SOAS University of London

Centre of Taiwan Studies

Language, Identity and Ideology: A Critical Discourse Analysis of Sunflower Student Movement

Speaker: Liao Pei-Yu

Date: 15 December 2021Time: 1:00 PM

Finishes: 15 December 2021Time: 2:30 PM

Venue: Virtual Event

Type of Event: Talk

This session will be held using Microsoft Teams. Click the LINK to join.


The research aims to explore the identity and ideology of the younger generation in Taiwan. By analysing the discourse of Sunflower Student Movement, I intend to investigate the relation among language, identity and ideology.  

On 18 March 2014, Sunflower Student Movement broke out. Students occupied the congress for 24 days. The discourse of Sunflower Student Movement reveals people’s attitude toward their identity, also formed the ideology of the public. In the research, I collect various kinds of digital discourse data to analyse the word frequency as well as semantic prosody, and then observe the correlation and connection between words, attempting to assemble and interpret the identity and ideology that demonstrated in the movement. Furthermore, I will inspect the discourse by employing Critical Discourse Analysis to explore the function of language, as well as its role plays in the social structure.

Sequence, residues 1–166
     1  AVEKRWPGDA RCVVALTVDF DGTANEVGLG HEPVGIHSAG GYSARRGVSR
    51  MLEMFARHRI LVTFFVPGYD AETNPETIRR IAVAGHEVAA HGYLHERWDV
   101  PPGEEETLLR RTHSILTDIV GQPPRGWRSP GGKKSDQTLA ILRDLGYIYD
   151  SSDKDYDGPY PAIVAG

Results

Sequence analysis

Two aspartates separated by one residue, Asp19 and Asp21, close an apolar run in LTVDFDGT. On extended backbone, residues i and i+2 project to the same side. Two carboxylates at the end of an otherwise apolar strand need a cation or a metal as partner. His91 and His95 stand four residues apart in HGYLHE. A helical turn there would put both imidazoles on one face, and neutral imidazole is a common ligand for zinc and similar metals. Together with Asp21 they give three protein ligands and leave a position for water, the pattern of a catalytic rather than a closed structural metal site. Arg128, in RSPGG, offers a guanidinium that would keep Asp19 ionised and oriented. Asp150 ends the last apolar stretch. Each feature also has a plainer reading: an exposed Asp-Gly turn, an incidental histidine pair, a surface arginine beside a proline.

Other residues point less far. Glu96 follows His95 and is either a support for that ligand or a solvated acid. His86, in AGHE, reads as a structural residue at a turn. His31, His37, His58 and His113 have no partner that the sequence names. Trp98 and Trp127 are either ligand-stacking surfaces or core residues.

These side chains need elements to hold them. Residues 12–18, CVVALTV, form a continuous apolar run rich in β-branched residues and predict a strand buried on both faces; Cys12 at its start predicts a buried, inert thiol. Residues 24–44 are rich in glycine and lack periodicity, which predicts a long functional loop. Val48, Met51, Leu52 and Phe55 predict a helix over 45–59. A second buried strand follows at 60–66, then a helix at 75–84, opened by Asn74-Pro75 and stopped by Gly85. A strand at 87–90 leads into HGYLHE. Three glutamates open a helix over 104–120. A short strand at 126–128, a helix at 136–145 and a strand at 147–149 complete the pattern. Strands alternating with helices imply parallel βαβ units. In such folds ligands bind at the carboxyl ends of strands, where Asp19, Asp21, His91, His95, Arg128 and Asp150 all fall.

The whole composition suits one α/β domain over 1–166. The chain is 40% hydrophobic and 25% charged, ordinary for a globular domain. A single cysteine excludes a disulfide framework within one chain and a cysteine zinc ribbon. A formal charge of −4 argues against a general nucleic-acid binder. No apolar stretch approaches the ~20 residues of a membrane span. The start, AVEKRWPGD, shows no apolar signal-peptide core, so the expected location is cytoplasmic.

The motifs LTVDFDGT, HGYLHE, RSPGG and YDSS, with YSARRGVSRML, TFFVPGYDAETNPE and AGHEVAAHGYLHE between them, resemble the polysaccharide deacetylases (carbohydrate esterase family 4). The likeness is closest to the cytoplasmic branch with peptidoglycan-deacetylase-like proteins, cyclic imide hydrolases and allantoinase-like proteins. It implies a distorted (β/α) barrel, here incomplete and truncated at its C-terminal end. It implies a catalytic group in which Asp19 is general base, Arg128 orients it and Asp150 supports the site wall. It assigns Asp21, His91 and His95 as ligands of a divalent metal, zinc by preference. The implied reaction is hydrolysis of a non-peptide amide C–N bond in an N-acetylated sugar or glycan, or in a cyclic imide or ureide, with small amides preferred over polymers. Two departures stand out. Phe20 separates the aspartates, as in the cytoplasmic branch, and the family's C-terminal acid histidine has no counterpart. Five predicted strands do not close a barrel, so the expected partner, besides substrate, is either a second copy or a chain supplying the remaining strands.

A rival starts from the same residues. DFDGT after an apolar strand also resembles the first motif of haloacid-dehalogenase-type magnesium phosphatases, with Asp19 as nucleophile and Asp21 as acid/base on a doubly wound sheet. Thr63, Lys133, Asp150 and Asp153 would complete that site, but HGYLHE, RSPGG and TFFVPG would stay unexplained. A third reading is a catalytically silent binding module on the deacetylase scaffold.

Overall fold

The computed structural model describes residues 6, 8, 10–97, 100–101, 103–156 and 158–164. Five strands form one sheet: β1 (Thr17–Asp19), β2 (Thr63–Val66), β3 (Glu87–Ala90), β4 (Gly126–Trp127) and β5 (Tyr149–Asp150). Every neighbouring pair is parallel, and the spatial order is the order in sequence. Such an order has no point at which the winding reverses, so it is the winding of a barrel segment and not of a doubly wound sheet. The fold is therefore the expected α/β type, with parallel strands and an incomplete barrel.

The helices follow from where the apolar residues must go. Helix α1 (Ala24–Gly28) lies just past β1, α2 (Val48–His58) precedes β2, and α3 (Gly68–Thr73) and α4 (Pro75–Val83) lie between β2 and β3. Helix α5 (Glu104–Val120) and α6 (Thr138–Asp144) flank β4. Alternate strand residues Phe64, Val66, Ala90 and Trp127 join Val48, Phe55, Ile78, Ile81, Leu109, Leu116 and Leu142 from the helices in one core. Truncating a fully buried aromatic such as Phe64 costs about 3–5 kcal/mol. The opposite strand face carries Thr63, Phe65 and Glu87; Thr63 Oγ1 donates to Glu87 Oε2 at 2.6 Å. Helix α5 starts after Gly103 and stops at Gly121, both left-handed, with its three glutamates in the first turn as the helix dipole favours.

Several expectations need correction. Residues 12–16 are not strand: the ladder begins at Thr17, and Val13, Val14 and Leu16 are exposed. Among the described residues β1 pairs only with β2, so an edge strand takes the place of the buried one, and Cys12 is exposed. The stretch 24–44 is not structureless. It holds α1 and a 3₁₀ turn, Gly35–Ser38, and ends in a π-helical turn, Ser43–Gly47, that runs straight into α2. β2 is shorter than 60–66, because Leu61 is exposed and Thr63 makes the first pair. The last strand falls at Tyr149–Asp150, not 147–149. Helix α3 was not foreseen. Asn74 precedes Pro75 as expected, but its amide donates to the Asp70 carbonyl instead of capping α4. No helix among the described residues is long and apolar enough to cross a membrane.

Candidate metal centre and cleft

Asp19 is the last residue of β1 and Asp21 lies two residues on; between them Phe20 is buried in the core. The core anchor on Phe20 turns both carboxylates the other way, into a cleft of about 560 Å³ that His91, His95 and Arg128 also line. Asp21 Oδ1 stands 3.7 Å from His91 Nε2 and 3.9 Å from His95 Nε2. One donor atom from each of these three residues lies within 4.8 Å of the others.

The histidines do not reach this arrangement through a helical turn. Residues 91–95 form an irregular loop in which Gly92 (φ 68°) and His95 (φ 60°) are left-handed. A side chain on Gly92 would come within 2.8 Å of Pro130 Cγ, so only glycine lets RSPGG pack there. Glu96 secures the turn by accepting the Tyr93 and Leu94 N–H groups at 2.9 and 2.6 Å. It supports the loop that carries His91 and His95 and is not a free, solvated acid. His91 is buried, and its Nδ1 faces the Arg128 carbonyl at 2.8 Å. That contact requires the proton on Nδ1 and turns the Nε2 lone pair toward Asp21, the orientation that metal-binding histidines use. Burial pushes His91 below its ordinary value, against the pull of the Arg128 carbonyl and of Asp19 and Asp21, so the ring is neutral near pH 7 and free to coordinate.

The research is a corpus study. I utilise computational tool to tackle statistical data, and then proceed qualitative analysis. By applying a mix method to analyse discourse, I aim to explore the identity of the younger generation as well as the ideology of Taiwan society during the movement.  

Speaker's Bio

Liao Pei-Yu

Liao Pei-Yu is a PhD student in Linguistics department, School of Languages, Cultures and Linguistics from SOAS University of London. Her research thesis focuses on the discourse of Sunflower Student Movement to explore the identity and ideology of the younger generation in Taiwan. Her research interests include semantics, pragmatics, language and society of Taiwan, Critical Discourse Analysis, sociolinguistics and second language teaching.

Organiser: Centre of Taiwan Studies

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